The Mediterranean atmosphere of Yokosuka - Part 1


Are you familiar with the Mediterranean climate? Southern and Southeastern Europe are well known for their endless rows of olive trees, rocky but lush pine tree coasts, cold winds blowing all throughout the year along the clear air accompanying them.

In Japan, it is possible to experience the same kind of atmosphere, relatively near to the city of Tōkyō. It takes only about an hour by the electric train to take you to from Shinagawa station in Tōkyō to Yokosuka-chūō (central) station in Kanagawa prefecture.

In April, as the nature is waking up from its slumber once again, the air is very clear and the temperatures are optimal. Not only you are able to enjoy the mild climate, there are also cherry blossoms to behold in one of the parks near the station.

Miura Peninsula is the name for the wider area that includes the everything from the Miura city in the south up to the Kamakura in the northern parts.

Today, we would like to concentrate on the middle belt of the Miura Peninsula - Yokosuka.

In 1853, United States naval Commodore Matthew Perry arrived in Tokyo Bay with his fleet of Black Ships and came ashore at Kurihama, in southern Yokosuka, leading to the opening of diplomatic and trade relations between Japan and the United States. The Kanrin Maru ship sailed from Yokosuka in 1860 with the first Japanese diplomatic embassy to the United States in 1860. Ever since, Yokosuka has been developing and growing as a port city, introducing many western elements to its infrastructure.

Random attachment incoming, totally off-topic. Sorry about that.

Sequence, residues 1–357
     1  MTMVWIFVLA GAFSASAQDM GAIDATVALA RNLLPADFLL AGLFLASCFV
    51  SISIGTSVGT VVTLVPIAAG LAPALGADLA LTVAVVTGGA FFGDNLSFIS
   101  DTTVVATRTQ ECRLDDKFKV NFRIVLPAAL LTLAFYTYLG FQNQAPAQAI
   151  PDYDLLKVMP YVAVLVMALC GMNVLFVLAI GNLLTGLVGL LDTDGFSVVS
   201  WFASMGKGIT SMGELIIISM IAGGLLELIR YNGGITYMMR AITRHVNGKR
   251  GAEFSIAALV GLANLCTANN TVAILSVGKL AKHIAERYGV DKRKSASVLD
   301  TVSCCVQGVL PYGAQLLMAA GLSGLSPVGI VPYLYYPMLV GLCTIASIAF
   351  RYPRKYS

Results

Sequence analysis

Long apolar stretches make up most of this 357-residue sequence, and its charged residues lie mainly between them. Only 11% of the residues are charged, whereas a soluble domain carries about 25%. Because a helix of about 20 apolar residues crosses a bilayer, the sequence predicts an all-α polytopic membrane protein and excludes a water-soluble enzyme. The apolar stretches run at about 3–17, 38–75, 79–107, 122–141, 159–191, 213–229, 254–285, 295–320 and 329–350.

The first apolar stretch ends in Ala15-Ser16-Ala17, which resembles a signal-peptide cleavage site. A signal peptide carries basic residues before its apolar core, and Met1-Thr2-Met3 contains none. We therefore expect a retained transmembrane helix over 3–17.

Architecturally, it created a blend of Japanese, European and American styles (still serving as a home port for the United States Seventh Fleet), making it quite unique in its own terms.

Perhaps, its most obvious feature is the sandy beaches anywhere you look.

Lately, there seems to be a movement that aims to make the beaches livelier by offering sea kayaking as one of the activities. We were able to experience in the morning for ourselves and loved it!

In the distance, you are able to see not only the islands, but also Mt. Fuji as well. Those familiar with the history of Japanese art might have heard of Katsushika Hokusai (1760–1849) and its famous "Under the Wave off Kanagawa" ukiyoe (woodblock print). The picture below might give you an idea of where the artists got his inspiration from.

After one hour of kayaking, we felt more confident and went on exploring. We've stumbled upon the traditional Japanese-style inn and went for a lunch there. We've been kindly shown the premises and taken to a big room for lunch. Interior is traditionally Japanese with a hint of West, but looking outside the window suddenly takes you to a different world. It is quite impressive, to say the least.

Every single room has it's own name. This one reads "eternal waves".

There are also male and female hot bath facilities, which is quite common in Japanese-style inns.

The lunch was amazing. The dishes kept coming and coming.

Until we were completely full and satisfied...

 ...and ready to move on.

To be continued in part 2...








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